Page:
Wednesday, October 12, 2011

Thanksgiving Month, Day 11: "I'll Give You My Warm"

When my youngest sister, Deborah Joy, was a wee lass of about 2 or 3 years old, we lived in Coonoor in the Nilgiris, where it would get so extremely cold that hot water bottles and extra wool blankets didn't help much. The houses were not made for temperatures so low that there would be frost on the tea bushes. The house we lived in was cement, with cement floors and no wall-to-wall carpeting or central heating.

In the morning, with hot water bottles cold and the horrid certainty that we had to get out of our beds and face the frigid day, we would shiver under our covers asking for just a few more minutes of warmth.

Then along would come little Debbie Joy. "I'll give you my warm," she'd say, to all of us but especially to Mum, for whom cold mornings were particularly hard. Then this little bit of a girl would climb up onto the bed and cuddle up against us for a few minutes until we felt warm enough to be able to brave the day.

I was thinking about this the other day when Deborah took a day off work to help me with the wedding in the TH. I was remembering how many times every week she helps people, especially me, giving us a little boost for our day or week.

She is one of those people who unselfishly and tirelessly seek to spread warmth and kindness to everyone with whom she comes in contact, but most particularly to her loved ones.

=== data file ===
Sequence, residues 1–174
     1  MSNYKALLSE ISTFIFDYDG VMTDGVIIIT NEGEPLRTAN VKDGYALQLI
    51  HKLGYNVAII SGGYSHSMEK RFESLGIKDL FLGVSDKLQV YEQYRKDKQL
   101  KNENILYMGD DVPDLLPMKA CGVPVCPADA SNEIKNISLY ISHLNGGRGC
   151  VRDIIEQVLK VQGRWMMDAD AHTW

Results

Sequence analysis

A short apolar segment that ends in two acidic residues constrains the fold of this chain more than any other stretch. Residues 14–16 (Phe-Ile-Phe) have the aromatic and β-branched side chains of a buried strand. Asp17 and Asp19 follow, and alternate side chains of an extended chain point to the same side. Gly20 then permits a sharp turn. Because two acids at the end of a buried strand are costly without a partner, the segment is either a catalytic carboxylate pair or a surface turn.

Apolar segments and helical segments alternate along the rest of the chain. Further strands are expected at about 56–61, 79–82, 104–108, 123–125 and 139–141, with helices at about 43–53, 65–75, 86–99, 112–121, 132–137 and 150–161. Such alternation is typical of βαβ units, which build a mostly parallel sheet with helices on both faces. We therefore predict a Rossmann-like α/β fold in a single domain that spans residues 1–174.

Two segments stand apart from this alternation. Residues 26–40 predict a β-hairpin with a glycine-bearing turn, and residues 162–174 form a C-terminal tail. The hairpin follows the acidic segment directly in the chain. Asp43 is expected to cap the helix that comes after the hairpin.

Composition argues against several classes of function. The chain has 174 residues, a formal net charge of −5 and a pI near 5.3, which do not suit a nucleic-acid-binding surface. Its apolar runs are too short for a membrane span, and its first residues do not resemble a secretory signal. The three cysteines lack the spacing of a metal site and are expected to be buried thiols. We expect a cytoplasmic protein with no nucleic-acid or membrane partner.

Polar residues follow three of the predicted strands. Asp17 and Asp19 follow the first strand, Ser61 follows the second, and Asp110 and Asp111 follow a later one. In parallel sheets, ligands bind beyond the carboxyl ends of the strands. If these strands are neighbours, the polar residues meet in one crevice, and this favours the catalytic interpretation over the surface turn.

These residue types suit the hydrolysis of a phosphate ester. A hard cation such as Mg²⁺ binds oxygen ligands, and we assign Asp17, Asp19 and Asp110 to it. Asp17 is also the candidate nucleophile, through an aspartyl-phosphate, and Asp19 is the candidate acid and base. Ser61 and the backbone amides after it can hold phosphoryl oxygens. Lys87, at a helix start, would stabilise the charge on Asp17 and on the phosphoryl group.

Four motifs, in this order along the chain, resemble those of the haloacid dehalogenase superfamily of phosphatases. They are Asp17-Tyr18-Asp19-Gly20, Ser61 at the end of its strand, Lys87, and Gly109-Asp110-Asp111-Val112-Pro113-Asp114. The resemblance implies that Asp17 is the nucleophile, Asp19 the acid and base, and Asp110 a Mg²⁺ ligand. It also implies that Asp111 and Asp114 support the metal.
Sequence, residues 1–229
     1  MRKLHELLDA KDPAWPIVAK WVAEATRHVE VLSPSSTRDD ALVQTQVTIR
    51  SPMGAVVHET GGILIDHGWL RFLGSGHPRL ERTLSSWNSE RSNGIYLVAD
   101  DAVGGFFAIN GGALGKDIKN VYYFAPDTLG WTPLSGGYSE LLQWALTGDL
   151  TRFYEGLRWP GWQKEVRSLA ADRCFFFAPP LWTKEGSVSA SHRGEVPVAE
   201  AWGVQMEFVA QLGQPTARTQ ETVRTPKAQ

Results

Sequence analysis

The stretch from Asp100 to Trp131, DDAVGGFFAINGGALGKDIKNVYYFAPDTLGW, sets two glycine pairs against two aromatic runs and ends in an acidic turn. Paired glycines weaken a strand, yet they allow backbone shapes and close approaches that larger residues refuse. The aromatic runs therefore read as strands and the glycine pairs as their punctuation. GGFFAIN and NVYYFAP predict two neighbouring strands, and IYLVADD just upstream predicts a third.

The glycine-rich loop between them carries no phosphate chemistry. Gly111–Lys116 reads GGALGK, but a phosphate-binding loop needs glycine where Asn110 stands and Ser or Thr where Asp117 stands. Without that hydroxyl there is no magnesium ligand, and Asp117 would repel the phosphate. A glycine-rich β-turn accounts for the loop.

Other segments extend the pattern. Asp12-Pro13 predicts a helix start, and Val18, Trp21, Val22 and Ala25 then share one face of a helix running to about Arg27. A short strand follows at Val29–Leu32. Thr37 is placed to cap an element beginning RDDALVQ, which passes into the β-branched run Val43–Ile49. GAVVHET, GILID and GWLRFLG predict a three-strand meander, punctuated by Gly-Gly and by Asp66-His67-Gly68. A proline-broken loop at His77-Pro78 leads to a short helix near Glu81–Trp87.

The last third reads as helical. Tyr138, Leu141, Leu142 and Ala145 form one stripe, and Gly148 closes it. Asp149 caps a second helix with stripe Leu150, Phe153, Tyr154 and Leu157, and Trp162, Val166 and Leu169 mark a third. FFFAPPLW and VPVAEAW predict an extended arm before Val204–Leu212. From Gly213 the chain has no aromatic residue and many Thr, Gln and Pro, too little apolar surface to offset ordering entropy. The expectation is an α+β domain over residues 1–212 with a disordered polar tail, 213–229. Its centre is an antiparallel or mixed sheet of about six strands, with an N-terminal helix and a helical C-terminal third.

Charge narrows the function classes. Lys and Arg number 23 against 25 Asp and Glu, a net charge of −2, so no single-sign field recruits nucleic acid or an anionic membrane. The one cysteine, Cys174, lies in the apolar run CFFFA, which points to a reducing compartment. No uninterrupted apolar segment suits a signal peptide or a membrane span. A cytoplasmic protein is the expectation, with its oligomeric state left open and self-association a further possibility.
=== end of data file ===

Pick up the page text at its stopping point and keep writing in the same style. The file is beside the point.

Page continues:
When I was 17 and she was about 4, we were walking near Johnson Market in Bangalore. She was holding my hand. Several people came up to me that afternoon and complimented me on my beautiful daughter, and I was so proud that everyone thought I was her mother.

Fast forward to the wedding: one of the bride's relatives stopped me and asked, "That girl in the black top - is she your daughter?" The only girl in a black top was Deborah. I was not as thrilled as I was 32 years earlier, I must confess ...

Her compassion for "her" kids at the Children's Hospital knows no bounds. She follows her kids' lives well after they have aged out of the system. She cares for them like they are her own. Her cell phone is always on and all of her families have her number.She is their advocate and their coach and their treatment coordinator and their friend. She has been invited to sit with the family at those tragic occasions where the disease has gotten the better of the child. She mourns each loss deeply.

I am always proud to be recognized as her sister. She helps me at the TH in so many ways. And when she senses that I'm exhausted, she will come down from Calgary and spell me out so I can sneak in a bit of a nap. The staff loves to work with her as she's efficient, knowledgeable, likes to cook and knows what needs to be done. And yet she is sweet and gentle and one of the team when she is working.

Her generosity is legendary among her friends and family. Her nephews love her. Her sisters don't know how we would get along without her. And she's Dad's touchstone - morning and evening she calls him to make sure he's doing well.

She's still giving her warm to all those fortunate enough to know her. 

I for one am very grateful.


  1. Everyone should be so luck as to have a sister like this!

  2. a more beautiful soul in the world is hardly found


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